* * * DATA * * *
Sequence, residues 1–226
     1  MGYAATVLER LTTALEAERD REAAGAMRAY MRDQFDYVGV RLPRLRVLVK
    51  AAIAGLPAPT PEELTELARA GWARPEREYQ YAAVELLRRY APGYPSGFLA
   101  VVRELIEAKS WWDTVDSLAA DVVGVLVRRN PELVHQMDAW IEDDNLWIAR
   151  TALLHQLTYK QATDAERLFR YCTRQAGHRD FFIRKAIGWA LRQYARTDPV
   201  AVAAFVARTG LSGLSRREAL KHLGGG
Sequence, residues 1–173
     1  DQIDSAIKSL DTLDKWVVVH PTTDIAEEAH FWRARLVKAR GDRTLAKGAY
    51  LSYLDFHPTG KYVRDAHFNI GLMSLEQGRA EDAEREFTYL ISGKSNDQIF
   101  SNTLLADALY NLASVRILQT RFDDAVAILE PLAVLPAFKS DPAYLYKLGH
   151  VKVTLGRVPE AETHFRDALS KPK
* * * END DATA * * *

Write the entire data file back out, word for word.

Sequence, residues 1–226
     1  MGYAATVLER LTTALEAERD REAAGAMRAY MRDQFDYVGV RLPRLRVLVK
    51  AAIAGLPAPT PEELTELARA GWARPEREYQ YAAVELLRRY APGYPSGFLA
   101  VVRELIEAKS WWDTVDSLAA DVVGVLVRRN PELVHQMDAW IEDDNLWIAR
   151  TALLHQLTYK QATDAERLFR YCTRQAGHRD FFIRKAIGWA LRQYARTDPV
   201  AVAAFVARTG LSGLSRREAL KHLGGG
Sequence, residues 1–173
     1  DQIDSAIKSL DTLDKWVVVH PTTDIAEEAH FWRARLVKAR GDRTLAKGAY
    51  LSYLDFHPTG KYVRDAHFNI GLMSLEQGRA EDAEREFTYL ISGKSNDQIF
   101  SNTLLADALY NLASVRILQT RFDDAVAILE PLAVLPAFKS DPAYLYKLGH
   151  VKVTLGRVPE AETHFRDALS KPK